Monday, June 22, 2009

Journey of Hope in Magdeburg, Germany

By Daniela Turß (author of the article) and Insa Nieberg (translation) - both Amnesty International Magdeburg

On Thursday the 14th of May 2009 the „Journey of Hope“stopped in Magdeburg. Three speakers from the United States shared their personal experiences with the death penalty with the audience at the Otto-von-Guericke University.

Bill Pelke is a relative of a victim, Terri Steinberg the mother of a man sentenced to death whereas Ray Krone was released from death row after he was proven innocent.

The event was organized by the local group of the NGO amnesty international under the patronage of the Initiative against the Death Penalty. This lecture was the only one in the federal state of Sachsen-Anhalt and the group experienced a rush on the seats available in the lecture room.

Tickets were sold out right at the beginning of the presentation as more than 120 students of all faculties seized the chance to learn more about the personal stories connected to the death penalty. The following two hours were filled with emotional yet balanced presentations that were summarized and translated by interpreters. All the points of views added up to a coherent picture: Death penalty continues the spiral of violence that was triggered by the initial crime in the first place. While convicts are often forced to wait in agony for more than ten years, relatives are in a situation between hope and desperation. At the same time hatred and desire of revenge have faded away- the only thing that prevents relatives of victims to draw a line is the fact that the judgment is still outstanding and not enforced.

Bill Pelke described his change of attitude from being an advocate of the death penalty to becoming a strict opponent. Being the grandson of a woman that was murdered by a group of young girls, he helped to turn the death sentence of the murderer, a girl who was only 15 years old at the time, into a lifelong sentence by founding the initiative “Journey of Hope”. This group informs people in the US, but also worldwide about the background of the issue and supports persons concerned.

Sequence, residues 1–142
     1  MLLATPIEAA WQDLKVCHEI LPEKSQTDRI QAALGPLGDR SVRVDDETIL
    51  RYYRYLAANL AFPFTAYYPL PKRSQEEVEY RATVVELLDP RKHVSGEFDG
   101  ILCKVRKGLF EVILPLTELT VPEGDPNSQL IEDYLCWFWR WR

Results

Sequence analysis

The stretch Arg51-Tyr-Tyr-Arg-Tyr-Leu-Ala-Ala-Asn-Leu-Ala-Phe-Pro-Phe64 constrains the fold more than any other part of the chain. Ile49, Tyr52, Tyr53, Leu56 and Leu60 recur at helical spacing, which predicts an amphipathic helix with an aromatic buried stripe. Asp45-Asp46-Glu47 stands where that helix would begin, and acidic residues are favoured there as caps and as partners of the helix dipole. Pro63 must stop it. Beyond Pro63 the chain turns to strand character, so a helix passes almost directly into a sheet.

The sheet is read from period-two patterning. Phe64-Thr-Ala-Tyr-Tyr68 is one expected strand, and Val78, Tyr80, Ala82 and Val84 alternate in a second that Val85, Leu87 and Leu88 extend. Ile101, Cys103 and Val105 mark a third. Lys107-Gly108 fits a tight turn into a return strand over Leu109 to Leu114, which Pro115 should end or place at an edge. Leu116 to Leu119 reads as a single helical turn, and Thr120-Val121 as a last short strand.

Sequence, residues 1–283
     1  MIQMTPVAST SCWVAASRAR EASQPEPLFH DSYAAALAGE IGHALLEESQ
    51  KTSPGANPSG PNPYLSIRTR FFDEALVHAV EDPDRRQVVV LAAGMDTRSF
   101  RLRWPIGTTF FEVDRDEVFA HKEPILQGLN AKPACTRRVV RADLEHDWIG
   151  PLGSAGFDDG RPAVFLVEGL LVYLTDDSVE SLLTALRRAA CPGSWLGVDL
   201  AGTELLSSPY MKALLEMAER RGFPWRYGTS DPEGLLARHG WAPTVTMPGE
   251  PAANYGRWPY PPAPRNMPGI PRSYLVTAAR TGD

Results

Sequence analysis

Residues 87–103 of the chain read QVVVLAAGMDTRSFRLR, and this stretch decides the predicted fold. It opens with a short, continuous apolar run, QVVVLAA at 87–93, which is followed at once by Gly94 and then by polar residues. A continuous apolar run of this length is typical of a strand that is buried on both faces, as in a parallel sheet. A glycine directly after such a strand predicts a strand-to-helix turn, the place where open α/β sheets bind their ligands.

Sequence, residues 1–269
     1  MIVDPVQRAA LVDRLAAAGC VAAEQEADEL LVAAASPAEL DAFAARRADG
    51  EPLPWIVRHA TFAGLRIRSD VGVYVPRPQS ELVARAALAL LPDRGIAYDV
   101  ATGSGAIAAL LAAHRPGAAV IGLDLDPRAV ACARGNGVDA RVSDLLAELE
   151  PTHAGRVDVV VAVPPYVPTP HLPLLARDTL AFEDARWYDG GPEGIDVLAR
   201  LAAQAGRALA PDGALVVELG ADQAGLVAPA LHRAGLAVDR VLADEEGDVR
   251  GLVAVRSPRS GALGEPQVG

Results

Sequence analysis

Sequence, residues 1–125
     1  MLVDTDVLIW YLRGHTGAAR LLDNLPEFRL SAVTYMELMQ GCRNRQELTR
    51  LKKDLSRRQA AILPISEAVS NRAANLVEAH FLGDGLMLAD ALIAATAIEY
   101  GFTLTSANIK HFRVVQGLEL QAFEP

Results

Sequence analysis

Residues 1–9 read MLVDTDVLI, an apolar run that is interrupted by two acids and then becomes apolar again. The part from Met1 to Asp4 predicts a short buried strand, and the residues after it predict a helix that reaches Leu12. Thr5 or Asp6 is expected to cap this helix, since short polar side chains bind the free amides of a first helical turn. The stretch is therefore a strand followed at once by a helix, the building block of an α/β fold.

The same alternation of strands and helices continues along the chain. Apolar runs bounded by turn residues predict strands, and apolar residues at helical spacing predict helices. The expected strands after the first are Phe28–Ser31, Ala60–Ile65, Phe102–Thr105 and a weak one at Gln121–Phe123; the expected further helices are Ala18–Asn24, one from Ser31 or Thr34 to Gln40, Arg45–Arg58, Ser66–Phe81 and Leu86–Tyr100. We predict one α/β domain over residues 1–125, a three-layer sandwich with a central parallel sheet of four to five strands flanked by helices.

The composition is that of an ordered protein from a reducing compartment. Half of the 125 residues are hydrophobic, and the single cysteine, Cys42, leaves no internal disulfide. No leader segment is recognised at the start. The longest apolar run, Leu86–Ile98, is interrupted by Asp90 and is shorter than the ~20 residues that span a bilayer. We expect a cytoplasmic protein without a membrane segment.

Ray Krone, who had the doubtful honor of being the 100th innocent person to be released from death row, told the audience about this desperate struggle against the machinery of law. The story told made all so clear, what a parlous effect a lack of financial means can have on the quality of advocacy. The experience of Krone also illustrates the practice of some attorneys to insistently demand death penalty although evidence is insufficient.

As Krone was not able to afford an attorney, he was represented by an assigned counsel. This attorney was not able to use the countless evidence for Krone’s innocence in the first trial. Although the foot and finger prints found at the site of crime where not those of Krone, he was sentenced to death in his second trial. Ten years later he was eventually able to prove his innocence by a DNA-analysis. Ray Krone states: “There were times when I believed that no innocent man or woman is sentenced to death in the United States- however, by now I have lost every faith in the system of law.” Up to this day he has not received any compensation for the years spent in death row.

Terri Steinberg told the story of her son Justin, who was sentenced to death under dubious circumstances, because he was accused of initiating a contract murder. In this case, there is evidence of innocence as well- the most striking one is a letter in which the murder admits that Justin did not charge him with killing the man and that he made this statement in order to plead in mitigation.

Terri Steinberg is convinced that her son was not involved in the crime and therefore fights with devotion against the sentence of death that shall be executed within the next 12 months.

The conviction drastically changed the life of the family and their lives in the community of a suburb. While Terri tries hard to guarantee a comparably normal life for her other children, she needs all hope not to give in and continue her campaign.

The audience understood this when they saw Terri telling her story with tears in her eyes. It is especially her presentation that makes evident the emotions involved for the speakers when they tell their stories over and over again.

The stories told and emotions shared left the audience shocked and deeply moved. Some took the opportunity to ask Bill, Terri and Ray further questions, whereas others gathered around tables outside in order to sign various petitions.

The “Journey of Hope” was the biggest and most impressive event organized by the local amnesty group so far. It showed that scientific analysis cannot fully grasp the issue of death penalty – the stories of the speakers added more personal and very emotional aspects that illustrated the devastating effects of the spiral of violence connected with the death penalty.